• Finally, Erin Reel (@TheLitCoach) guest posts on Rachelle Gardner’s blog about one writer’s journey From Blog to Book: Building an Online Platform. Now, at first blush, this post might not seem relevant to you: it’s about a woman who wanted to publish a book on the first year of raising twins. While Erin’s tips are focused on non-fiction, where established author expertise is a requirement, at least some of her suggestions can apply to fiction writers, too.

Critique Technique, Part 15: Unclear Character Goals

A story’s characters have—or should have—a variety of wants, needs, desires, and longings. Those words may seem to be similar, but the shades of difference between them are important.  Goals—things a character hopes or intends to achieve or accomplish—make those wants/needs/desires/longings real. In a romance, the heroine has a goal to catch that special man; in a spy thriller, the spy may have a goal to do his job and get away; in a literary novel, the protagonist may have a goal of reaching an understanding of a long-ago relationship gone bad.

In his excellent book Scene and Structure, Jack Bickham writes about characters having a variety of goals at the story, chapter, and even scene level. The goals I listed above are story-level ones. Without goals at this level, a story and its characters will wander aimlessly. This is a bad thing. In fact, it’s a good bet the author will never complete the work because he and his characters have no destination. As the Cheshire Cat told Alice, when she admitted she didn’t know where she wanted to go, “Any road will get you there.” Or nowhere.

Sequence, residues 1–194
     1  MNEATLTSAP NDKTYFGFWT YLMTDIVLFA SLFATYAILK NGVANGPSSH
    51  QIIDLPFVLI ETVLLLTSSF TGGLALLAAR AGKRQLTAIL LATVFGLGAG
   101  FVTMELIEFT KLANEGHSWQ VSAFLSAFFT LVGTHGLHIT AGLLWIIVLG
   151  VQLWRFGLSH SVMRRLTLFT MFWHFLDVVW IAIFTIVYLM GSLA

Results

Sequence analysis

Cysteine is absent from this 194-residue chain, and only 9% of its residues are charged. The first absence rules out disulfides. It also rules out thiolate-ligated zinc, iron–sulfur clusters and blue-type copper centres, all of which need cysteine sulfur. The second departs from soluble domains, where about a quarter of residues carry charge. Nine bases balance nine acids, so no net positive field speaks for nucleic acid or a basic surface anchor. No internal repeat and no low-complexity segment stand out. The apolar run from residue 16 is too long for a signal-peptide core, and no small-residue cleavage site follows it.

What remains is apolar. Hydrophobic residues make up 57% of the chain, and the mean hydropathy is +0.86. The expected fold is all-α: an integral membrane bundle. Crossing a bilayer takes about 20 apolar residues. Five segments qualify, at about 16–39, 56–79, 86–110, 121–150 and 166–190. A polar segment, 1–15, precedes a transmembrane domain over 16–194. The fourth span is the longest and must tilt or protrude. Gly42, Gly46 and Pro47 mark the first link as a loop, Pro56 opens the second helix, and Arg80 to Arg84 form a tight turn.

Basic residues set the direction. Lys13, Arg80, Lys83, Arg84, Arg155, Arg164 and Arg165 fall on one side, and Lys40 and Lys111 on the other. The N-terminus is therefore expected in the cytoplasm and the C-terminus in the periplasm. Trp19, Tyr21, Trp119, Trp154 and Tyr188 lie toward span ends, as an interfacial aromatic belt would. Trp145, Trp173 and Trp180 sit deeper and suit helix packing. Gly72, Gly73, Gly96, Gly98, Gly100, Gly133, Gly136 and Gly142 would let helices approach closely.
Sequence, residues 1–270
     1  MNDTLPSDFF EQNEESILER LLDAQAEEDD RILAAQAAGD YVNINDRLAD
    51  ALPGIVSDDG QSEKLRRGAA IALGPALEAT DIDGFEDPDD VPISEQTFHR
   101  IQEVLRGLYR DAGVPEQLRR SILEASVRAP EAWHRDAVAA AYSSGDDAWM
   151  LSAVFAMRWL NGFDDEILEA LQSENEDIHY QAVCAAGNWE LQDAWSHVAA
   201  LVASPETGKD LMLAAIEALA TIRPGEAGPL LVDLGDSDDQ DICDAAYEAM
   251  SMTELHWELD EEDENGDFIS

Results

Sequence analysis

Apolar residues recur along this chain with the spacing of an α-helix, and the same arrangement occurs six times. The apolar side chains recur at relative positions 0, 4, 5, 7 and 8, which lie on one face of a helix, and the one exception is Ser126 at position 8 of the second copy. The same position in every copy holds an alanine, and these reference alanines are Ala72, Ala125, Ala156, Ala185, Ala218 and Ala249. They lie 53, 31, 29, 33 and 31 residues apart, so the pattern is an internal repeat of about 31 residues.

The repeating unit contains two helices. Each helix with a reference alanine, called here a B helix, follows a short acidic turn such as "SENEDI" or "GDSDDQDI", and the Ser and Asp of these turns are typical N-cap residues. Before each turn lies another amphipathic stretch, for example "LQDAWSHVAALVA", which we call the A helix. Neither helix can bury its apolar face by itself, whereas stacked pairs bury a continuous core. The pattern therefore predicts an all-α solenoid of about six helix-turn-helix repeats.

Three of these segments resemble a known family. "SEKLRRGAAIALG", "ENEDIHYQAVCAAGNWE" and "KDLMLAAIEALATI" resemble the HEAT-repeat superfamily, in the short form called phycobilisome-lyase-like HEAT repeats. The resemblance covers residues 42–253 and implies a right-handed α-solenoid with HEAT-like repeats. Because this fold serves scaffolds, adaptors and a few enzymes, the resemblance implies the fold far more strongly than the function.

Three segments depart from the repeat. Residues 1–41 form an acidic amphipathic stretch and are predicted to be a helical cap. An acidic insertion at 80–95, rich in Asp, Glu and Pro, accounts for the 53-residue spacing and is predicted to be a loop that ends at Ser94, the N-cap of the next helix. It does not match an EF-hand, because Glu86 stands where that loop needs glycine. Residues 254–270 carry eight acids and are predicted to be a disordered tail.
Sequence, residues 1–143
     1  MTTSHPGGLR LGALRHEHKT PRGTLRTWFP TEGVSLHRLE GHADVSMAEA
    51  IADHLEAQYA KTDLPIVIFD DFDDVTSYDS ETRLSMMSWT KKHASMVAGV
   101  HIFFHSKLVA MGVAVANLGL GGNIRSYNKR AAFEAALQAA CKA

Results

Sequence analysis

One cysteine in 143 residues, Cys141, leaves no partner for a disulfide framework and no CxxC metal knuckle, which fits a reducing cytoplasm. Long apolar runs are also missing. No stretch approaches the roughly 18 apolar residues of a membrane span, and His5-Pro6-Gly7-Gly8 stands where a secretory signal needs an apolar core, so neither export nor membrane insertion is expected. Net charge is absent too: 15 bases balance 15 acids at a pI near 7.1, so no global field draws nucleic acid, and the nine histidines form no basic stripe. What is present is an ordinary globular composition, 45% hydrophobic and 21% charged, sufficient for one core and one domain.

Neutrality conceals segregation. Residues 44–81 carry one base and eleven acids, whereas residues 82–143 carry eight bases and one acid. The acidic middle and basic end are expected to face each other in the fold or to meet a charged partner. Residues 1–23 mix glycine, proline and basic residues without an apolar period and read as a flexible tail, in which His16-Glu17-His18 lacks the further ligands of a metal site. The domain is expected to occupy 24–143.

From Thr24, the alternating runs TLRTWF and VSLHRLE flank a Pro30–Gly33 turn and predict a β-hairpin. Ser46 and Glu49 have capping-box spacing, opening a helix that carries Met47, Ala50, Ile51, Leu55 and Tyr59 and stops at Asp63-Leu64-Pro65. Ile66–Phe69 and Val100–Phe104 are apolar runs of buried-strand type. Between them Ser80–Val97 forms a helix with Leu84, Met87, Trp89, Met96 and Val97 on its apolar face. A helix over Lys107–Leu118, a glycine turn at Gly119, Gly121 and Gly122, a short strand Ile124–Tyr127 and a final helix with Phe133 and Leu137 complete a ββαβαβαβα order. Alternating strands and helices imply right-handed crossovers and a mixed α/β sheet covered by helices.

But no journey worth taking is completed in one step. In order to reach their story goals, the protagonist, antagonist, and other major characters will all have to have intermediate goals. Even the secondary and minor characters will have some goal. Like climbing a staircase to reach the top of a building, each character has to climb the steps of his or her intermediate—scene and chapter—goals to get there. (Of course, there will be obstacles along the way, but I’ll discuss obstacles next time.)